Not unlike the weather - tempestuous at times - growing a business can have its challenges - bringing havoc and chaos to best laid plans and strategies for success - leaving us wind-blown, if you will, in a three step forward two step back scenario. Since any number of complications might develop as growth incurs, having a weather-proof cloak of solid leadership, detailed plans, clear lines of accountability, expectations and communication can certainly ready us for that potential tornado of challenges...
As you may have guessed from above, given the nature of our topic, it only seemed appropriate that Mother Nature elected to make the force of her presence known. For those who successfully navigated through her winter wrath, Members present had an opportunity to participate in a very interactive and candid networking session.
We were delighted to have Blommer Chocolate Company of Canada in Campbellford offer to host this month's Food and Beverage and Belleville Regional SIG Event - but even more so when they elected to share their down-to-earth experiences around growth - particularly what happens when a company grows at a rapid pace. The outcomes are not always as you think, and our presenters were keen to share what went wrong and how that permeated every layer of the organization aptly titling their overview: "Be Careful What you Wish For - A Modern Day Manufacturing Fable".
Blommer is the largest manufacturer of cocoa products in North America. The company has 650 employees in five plants throughout the USA and one in Canada in Campbellford, Ontario. They service the confectionary, baking and dairy industries. In 2010, Blommer Chocolate won the EMC Award of Excellence for their efforts in lean manufacturing, leadership and cultural excellence. It's a company that has always tried it's best to put its people first.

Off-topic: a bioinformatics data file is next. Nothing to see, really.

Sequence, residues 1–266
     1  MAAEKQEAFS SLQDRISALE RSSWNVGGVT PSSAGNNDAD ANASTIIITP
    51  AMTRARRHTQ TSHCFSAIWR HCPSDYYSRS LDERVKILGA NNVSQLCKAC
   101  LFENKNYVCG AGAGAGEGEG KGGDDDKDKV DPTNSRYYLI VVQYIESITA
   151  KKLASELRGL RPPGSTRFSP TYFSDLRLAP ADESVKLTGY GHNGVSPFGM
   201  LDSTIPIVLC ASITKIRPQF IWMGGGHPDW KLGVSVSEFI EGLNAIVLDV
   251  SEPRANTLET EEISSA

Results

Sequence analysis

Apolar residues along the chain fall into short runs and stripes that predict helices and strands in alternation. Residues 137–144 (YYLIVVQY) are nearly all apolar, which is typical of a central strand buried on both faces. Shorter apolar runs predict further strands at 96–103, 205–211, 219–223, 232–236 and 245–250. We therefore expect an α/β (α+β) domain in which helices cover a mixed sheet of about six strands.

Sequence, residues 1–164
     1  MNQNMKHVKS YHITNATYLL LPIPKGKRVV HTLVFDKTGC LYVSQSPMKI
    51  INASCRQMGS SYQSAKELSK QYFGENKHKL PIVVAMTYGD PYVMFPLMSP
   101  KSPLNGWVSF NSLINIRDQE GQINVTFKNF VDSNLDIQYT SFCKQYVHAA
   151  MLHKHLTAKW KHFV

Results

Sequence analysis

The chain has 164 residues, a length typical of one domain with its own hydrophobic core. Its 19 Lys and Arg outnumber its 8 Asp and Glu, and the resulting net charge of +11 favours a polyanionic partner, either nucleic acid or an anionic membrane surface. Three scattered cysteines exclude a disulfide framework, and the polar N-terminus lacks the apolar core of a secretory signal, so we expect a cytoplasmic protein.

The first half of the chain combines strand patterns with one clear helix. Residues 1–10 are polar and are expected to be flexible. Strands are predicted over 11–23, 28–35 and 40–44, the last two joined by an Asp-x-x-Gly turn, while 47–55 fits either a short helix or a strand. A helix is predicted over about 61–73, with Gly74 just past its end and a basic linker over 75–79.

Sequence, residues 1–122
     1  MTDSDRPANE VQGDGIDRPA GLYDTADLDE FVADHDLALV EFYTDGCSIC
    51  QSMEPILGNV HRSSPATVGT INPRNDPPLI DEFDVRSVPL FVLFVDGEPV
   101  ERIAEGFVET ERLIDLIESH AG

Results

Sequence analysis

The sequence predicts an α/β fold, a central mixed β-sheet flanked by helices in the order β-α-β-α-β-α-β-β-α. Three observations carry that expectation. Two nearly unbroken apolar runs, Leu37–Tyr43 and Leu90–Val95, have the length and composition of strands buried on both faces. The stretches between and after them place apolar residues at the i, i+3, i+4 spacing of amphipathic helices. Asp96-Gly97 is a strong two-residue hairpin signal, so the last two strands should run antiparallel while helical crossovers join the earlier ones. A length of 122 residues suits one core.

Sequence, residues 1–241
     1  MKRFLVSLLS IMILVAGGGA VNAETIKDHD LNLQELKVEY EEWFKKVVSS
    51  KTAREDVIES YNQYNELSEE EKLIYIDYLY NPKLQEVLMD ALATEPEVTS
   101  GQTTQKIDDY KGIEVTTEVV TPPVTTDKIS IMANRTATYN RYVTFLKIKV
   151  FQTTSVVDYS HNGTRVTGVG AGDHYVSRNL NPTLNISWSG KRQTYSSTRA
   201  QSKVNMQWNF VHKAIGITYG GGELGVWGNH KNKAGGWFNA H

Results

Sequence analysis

In 2006, Blommer purchased the Campbellford facility from World's Finest Chocolate and moved to manufacturing speciality coatings. The initial workforce has tripled in size with most new employees having joined in the past 18 months.
Our speakers thought they were ready for growth - they believed they had the right structures in place - but they came to realize that they had not fully assessed all aspects of the business up front and they were not as ready as they thought they were. There were pieces of the puzzle missing. Doug Harper, General Manager, and Nancy Johnston, HR Manager, wanted to share their journey so that others might be aware of pitfalls and how to avoid them. It was an honest down-to-earth presentation about how to get ahead of the curve.
Some time ago, thinking from a sustainable continuous improvement perspective, they started a lean journey - totally understanding that the culture piece was essential. In general, most companies are working on some kind of continuous improvement model (which may or may not be called Lean) and embracing next steps in growth. Doug cited a Plant Magazine article from some time ago that revealed some rather interesting statistics relating to lean journey participation:
- For those embarking on a lean journey - 90% are out in 6 months...
- For the 10% left, 90% of those are out in 6 months after that...
This story of rapid growth began less than 2 years ago and has seen volumes at Blommer Canada more than double in just 15 months. This increased production requirements brought with it a flurry of challenges such as:
- Multiple major equipment installs taking place at the same time during the busiest production season
- Numerous complications relating to processing parameters/ product specifications/ mechanical issues
- Overseas support for equipment was challenging due to time zone difference and travel logistics
- Tight capacity timing commitments on both existing and new processes
- Lack of experience running new products and processes
- Exposure of numerous system "work-arounds" and temporary "patches" that no longer carried the day
- Reporting structures that resulted in confusion over "assumed" responsibilities
- An increase in staffing of 75% during this growth period that were on-boarded without sufficient/ effective training